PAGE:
John Selig, the director of the Arkansas Department of Human Services, announced in a DHS press release today that he will leave the department at the end of the year.
Selig, 55, was appointed to the position in 2005 by Gov. Mike Huckabee and is the state’s longest serving DHS director.
“I have loved working at DHS because I truly feel it makes a real and positive difference in the lives of so many Arkansans,” Selig said in the release. “It’s hard to leave, but I feel like the time is right. DHS may see some big changes next year, and I think that would be a good time for new leadership.
In a statement released by his office, Gov. Asa Hutchinson said, “Yesterday, Director Selig informed me that he wished to leave government service in order to spend some time in the private sector. I asked if he would be willing to stay on through the end of the year. I am grateful that John agreed to help us through January 1, 2016. John has given so much to the state of Arkansas through 25 years of service. I am personally appreciative of his leadership, friendship and wise counsel during a time of great change in the healthcare industry and during the first year of my administration.”
Selig informed employees of his decision Thursday morning. He has been with the department a total of 25 years. He began working in state government in 1988 and served as special assistant to the DHS director before leaving DHS in 1994 for the Department of Health, where he was director of in-home health services. Two years later, Selig was again working for DHS as director of Behavioral Health Services. He leaves a job that pays $162,647.68 annually.
Selig has overseen many changes at the Department of Human Services, including the state’s transition under the Affordable Care Act, the development of the private option, and the current transition to the state’s ICD-10 coding system.
But he has faced scrutiny from legislators, particularly regarding the state’s difficulties in transitioning to a new Medicaid enrollment system whose price tag has ballooned to $200 million, more than twice the original expectation. Last November, Gov.-Elect Asa Hutchinson said he had asked Selig to “stay on for the time” as DHS director while the new governor implemented his agenda.
In June 2015, lawmakers questioned Selig on a $15.4 million contract that DHS had with McKinsey and Company. The contract was done to study aspects of the state’s Medicaid program. However, legislators wanted to know if the state agency was able to handle multiple contracts.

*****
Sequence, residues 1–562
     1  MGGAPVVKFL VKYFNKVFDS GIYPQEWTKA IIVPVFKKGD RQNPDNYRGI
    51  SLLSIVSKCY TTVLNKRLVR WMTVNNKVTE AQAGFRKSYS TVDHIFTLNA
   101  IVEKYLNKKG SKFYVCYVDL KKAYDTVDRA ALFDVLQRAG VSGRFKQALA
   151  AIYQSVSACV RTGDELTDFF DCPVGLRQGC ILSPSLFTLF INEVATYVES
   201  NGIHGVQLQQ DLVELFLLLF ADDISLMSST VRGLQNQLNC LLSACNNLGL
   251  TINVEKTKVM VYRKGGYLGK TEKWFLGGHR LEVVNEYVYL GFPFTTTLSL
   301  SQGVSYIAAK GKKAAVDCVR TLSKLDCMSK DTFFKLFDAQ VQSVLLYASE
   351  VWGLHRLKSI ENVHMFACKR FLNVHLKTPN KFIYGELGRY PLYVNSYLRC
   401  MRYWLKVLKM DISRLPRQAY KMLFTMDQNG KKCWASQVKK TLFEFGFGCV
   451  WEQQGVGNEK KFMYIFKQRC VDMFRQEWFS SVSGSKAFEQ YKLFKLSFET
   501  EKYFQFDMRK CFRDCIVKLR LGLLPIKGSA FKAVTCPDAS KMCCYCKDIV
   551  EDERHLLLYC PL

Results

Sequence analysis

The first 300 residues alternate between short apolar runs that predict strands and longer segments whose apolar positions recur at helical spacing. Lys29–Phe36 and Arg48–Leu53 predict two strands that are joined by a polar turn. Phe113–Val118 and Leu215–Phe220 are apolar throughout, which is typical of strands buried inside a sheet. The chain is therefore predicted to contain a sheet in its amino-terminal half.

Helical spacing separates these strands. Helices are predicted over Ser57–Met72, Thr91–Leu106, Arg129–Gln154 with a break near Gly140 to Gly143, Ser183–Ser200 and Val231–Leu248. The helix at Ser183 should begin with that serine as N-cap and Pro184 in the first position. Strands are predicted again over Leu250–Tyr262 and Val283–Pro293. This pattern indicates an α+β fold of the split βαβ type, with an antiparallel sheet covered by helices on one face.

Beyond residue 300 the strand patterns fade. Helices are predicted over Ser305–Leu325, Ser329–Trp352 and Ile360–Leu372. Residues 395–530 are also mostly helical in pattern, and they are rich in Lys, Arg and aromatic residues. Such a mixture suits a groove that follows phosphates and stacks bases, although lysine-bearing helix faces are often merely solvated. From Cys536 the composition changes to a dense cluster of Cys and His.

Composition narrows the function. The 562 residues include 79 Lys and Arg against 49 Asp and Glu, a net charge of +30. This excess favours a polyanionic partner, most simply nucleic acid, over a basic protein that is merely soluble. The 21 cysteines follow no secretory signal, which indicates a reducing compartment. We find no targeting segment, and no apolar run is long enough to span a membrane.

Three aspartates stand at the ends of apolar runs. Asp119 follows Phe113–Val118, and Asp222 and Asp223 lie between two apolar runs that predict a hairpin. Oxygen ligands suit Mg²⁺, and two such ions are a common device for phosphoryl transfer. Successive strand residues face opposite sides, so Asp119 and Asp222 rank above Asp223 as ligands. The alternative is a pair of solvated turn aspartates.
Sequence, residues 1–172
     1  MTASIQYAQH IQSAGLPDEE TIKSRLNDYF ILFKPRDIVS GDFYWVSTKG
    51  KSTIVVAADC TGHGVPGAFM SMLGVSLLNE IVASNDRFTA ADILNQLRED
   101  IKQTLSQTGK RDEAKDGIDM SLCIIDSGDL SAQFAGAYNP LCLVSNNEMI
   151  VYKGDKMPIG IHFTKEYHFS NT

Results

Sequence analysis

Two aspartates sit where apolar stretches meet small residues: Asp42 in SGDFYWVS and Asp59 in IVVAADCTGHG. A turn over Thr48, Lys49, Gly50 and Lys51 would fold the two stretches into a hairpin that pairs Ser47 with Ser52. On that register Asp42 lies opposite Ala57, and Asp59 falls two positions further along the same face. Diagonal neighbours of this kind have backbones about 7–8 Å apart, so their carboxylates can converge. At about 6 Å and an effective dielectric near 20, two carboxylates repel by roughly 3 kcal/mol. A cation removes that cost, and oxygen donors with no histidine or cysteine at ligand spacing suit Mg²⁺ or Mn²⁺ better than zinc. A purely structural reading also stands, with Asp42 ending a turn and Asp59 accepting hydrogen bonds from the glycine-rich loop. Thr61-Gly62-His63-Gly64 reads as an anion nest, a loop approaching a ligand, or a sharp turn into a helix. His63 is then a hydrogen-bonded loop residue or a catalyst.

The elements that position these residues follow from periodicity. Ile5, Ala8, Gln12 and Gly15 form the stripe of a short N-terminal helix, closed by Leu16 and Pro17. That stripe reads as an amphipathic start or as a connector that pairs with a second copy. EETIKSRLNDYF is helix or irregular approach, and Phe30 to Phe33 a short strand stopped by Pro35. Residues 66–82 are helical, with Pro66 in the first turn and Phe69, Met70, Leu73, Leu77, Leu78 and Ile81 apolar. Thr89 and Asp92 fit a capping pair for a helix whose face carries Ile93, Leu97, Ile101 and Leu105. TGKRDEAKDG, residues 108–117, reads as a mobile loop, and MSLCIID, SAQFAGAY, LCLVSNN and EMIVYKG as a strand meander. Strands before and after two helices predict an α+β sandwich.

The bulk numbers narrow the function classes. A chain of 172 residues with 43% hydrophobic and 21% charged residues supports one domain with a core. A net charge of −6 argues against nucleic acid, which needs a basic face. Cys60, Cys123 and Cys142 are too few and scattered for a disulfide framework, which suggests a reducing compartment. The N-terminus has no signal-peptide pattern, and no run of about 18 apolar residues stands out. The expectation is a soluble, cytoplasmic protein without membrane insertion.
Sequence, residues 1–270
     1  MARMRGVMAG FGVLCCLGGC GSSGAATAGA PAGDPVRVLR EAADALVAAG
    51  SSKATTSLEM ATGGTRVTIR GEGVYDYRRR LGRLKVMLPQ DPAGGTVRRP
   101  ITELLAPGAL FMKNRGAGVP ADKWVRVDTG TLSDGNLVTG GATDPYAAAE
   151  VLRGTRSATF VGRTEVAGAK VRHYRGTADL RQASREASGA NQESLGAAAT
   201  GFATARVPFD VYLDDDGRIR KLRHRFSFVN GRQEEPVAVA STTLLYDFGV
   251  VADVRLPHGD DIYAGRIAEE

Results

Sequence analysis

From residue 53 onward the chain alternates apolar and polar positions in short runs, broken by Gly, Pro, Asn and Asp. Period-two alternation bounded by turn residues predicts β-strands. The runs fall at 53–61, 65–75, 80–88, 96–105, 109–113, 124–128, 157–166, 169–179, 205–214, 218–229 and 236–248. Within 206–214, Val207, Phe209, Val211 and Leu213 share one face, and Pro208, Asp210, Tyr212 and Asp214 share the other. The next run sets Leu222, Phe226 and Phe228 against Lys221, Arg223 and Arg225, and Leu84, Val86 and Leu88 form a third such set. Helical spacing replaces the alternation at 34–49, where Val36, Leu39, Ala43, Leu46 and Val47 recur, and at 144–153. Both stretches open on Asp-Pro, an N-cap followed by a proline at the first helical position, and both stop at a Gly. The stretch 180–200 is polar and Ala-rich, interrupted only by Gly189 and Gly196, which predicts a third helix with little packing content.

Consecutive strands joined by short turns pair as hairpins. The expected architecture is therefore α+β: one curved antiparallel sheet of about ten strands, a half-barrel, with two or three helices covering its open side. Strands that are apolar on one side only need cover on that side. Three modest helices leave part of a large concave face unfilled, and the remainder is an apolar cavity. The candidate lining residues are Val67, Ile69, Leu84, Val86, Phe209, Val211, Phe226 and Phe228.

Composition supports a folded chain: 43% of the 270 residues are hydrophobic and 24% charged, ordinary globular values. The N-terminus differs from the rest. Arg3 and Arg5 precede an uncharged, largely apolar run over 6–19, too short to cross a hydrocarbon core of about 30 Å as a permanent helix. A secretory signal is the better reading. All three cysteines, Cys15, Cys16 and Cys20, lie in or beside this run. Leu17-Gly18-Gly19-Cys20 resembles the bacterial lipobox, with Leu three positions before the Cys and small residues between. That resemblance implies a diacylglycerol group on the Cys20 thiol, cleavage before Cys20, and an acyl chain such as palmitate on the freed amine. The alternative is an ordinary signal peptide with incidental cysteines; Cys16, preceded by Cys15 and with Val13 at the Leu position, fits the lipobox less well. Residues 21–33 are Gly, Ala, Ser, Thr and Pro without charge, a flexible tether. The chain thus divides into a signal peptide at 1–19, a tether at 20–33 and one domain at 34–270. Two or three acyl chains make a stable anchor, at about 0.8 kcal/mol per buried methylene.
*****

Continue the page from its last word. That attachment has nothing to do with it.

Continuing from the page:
Later in the month, Hutchinson said his office would be increasing oversight and scrutiny on so-called “high risk” DHS contracts.
“I want the General Assembly to know the steps that this administration is taking to deal with these contracts that have been problematic, and problems that have surfaced last year have continued to fester,” the governor told reporters. “We have taken a number of steps in terms of oversight, not only for these contracts but also the entire procurement process.”
Hutchinson also said that he was looking at “systematic” procurement and contract issues at DHS, but was also taking steps to address specific concerns with past and current vendor contracts with the state.
On Wednesday, The Stephen Group, a consultant hired by the Health Care Reform Legislative Task Force, reported that a LexisNexis search revealed that almost 43,000 enrollees in the state’s Medicaid and private option programs have best addresses that are not in Arkansas.
Ray Hanley, a former state Medicaid director and current director of the Arkansas Foundation for Medical Care, said Selig has been “as calm and collected and unflappable as anybody I’ve seen in that job.” He called it “surely the hardest job in state government.”
“They’re going to be criticized no matter how well they’re run because the job by nature is done in a political fishbowl,” he said. “You’ve got the media. You’ve got 135 legislators. You’ve got the press. You’ve got the feds. You’ve got the advocates who are often vocal, thousands of health care providers, law enforcement. There is not any job, unless it’s the governor’s job, that touches as many segments of the state than that job does. …
“I think he did a fine job, and the fact that he’s survived through three governors I think is testament to that.”
According to the release, Selig received a master’s of public administration from Princeton and earned his bachelor’s degree at Stanford. He previously was a staff member for Sen. David Pryor and served two years as a teacher in West Africa with the Peace Corps.